A few years ago, I stumbled on a Tedx talk called “How 40 Seconds of Compassion Could Save a Life”. If you haven’t seen it, I suggest you stop reading and watch it. In his talk, Dr. Trzeciak (an intensive care physician) talks about his research proving that compassion can make a significant difference in patient outcomes. As a nurse, I’ve had that sense my whole career. When you’ve been working in healthcare for a while, you notice you work with people who are better at it than others… and you see how patients respond to varying degrees of compassion coming from the caregiver.
One would think (or hope) that being compassionate nurses, doctors, and caregivers is just part of the job. I mean, who gets into this line of work and doesn’t care about people, right?!? Well not all caregivers are created equal and taking a job where providing care is your primary focus does not mean you have compassion. In fact, health care has an incredibly high burnout rate and it’s easy for even the most compassionate provider to get calloused feeling overworked and underappreciated.
It’s not just with the patients, caregivers aren’t even all that compassionate to each other.
I’ll never forget a formative interaction with a nurse early in my career when I was working as a nurse aide. I’d been at it about a year, and I had made friends with a resident who lived on the other side of the building from where I worked. A couple days a week I’d clock out after my shift and go to her room for about 30 minutes to listen to stories about her life. The day she died, I was at work and one of her caregivers came over to my unit to tell me. I took my lunch break and went down to see her. When I saw her, I broke down and went to the breakroom. It was the first time in my life I’d ever cried when someone died. My charge nurse walked through the breakroom, asked why I was crying and said- “We all have our favorites. Get yourself together and get back to work.” Wow did that hurt. But I did it, I went back to work and took away a valuable lesson about how I didn’t want to show up as a caregiver.
The nurse who shamed me for caring that day had amazing clinical skills as a nurse and I learned so much working with her. Her assessment skills were better than mine have ever been, and I had such respect for that, but the important thing she was lacking in all her interactions was compassion. In fact, I remember times she called me into rooms to help her with treatments because her patients didn’t listen to her, but they would listen to me. They followed my directions because I listened to them, and they felt heard and cared for. At the time, I had a sense for it but no idea of the enormity of the difference compassion can make.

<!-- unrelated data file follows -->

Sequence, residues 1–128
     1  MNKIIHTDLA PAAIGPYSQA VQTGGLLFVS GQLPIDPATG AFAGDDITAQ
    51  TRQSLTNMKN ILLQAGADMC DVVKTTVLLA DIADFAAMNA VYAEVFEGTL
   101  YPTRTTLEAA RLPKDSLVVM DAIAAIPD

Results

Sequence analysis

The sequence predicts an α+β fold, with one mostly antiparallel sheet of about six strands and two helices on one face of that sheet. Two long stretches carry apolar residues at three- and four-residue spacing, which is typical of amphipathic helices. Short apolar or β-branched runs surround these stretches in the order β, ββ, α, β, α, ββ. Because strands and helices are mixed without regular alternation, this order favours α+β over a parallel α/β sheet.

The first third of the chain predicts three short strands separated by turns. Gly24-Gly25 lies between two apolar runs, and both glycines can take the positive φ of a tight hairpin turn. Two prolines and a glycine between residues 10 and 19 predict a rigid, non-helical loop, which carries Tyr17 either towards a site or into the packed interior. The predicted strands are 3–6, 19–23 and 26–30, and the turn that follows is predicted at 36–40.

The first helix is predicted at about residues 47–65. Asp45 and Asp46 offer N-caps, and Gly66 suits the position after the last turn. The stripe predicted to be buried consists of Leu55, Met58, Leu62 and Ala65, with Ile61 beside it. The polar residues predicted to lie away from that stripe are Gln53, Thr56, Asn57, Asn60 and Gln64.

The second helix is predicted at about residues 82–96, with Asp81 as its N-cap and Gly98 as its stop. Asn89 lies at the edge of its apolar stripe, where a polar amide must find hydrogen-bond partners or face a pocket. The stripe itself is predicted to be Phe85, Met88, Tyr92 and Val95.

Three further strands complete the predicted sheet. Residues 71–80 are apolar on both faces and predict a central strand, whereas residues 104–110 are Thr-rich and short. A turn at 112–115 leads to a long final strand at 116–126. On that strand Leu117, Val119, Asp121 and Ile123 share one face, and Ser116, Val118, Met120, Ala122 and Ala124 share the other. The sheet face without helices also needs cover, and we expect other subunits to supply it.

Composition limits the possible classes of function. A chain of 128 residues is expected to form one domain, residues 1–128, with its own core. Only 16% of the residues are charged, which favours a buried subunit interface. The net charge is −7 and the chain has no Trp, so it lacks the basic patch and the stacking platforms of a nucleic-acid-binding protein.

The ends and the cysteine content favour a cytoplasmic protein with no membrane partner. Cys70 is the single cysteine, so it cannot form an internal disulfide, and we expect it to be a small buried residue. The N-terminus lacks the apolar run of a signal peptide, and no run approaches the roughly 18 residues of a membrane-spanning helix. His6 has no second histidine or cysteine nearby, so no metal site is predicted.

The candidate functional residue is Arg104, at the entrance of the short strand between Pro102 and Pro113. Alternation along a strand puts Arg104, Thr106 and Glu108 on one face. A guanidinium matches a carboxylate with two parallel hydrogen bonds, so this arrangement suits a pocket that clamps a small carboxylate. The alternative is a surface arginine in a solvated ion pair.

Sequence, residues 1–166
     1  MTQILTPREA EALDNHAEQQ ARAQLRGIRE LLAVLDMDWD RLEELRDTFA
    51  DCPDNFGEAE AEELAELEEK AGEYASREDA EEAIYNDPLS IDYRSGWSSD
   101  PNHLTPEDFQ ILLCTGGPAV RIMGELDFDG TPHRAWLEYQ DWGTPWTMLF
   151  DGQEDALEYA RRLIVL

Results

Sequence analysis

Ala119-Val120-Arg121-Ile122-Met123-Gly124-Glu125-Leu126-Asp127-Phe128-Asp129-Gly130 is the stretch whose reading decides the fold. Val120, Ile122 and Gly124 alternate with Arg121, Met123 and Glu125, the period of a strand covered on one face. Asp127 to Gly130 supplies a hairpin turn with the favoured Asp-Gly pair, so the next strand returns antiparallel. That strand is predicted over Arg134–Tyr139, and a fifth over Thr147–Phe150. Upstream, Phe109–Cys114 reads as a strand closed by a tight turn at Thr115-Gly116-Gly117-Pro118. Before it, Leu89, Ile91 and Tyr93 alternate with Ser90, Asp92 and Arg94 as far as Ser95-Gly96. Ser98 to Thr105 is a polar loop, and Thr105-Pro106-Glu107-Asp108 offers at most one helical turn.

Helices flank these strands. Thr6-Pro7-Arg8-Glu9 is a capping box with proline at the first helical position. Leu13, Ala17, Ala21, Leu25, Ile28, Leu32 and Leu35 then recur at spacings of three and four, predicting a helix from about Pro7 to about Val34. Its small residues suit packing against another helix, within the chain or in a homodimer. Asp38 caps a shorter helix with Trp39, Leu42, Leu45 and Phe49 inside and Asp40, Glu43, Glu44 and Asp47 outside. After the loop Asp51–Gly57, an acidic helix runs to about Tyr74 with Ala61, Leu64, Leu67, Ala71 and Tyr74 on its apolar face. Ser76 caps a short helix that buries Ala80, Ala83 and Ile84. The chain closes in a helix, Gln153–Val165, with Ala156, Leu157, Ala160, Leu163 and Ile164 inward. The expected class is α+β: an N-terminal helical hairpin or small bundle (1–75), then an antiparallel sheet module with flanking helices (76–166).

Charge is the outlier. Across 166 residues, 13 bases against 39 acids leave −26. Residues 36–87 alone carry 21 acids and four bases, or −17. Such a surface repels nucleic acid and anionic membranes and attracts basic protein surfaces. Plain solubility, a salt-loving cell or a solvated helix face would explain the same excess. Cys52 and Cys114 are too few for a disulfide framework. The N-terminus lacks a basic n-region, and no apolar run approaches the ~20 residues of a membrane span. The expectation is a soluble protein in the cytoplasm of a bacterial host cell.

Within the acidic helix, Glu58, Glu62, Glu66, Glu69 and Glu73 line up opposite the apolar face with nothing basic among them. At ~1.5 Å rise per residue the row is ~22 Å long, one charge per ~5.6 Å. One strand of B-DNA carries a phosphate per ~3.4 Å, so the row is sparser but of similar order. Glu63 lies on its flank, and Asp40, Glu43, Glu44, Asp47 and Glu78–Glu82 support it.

It’s mind-blowing that showing 40 seconds of compassion for a patient could have so many positive impacts on the patient AND the caregiver. Dr. Trzeciak wrote a whole book (Compassionomics | Evidence That Caring Makes a Difference) about it filled with study after study showing what seems like endless benefits. Compassionate caregivers have lower burnout rates, are healthier, less likelihood of making major medical errors, have higher patient compliance, and their patients can experience less pain. Compassion can even lessen the effects of a cold and compassion connects us.
That’s incredible news BUT it gets better. It turns out compassion can be learned. That means you don’t have to be born with it; you can grow it. According to Dr. Kristen Neff’s research out of Austin, this cultivation starts with self-compassion. The 3-components of self-compassion are self-kindness, common humanity (connectedness), and mindfulness.
Compassion as a caregiver can be as or more important than some technical skills. For that reason, we’ve built activities into our courses that help cultivate compassion with practices of kindness, gratitude, optimism, and mindfulness. Our hope is that those completing our training are not only competent caregivers but also more compassionate ones. Caregiving is not only a science but also an art.
We know that as a caregiver, it’s easy for us to focus on caring for others so much that we forget to care for ourselves. Sometimes we even think it’s being selfish to think about our own well-being. Well, the data is in, and it turns out it benefits our patients and ourselves. Want to be a better caregiver? Start with increasing your compassion for yourself. Remember, you’re doing your best.
~Patricia Graham MSN, RN, CNE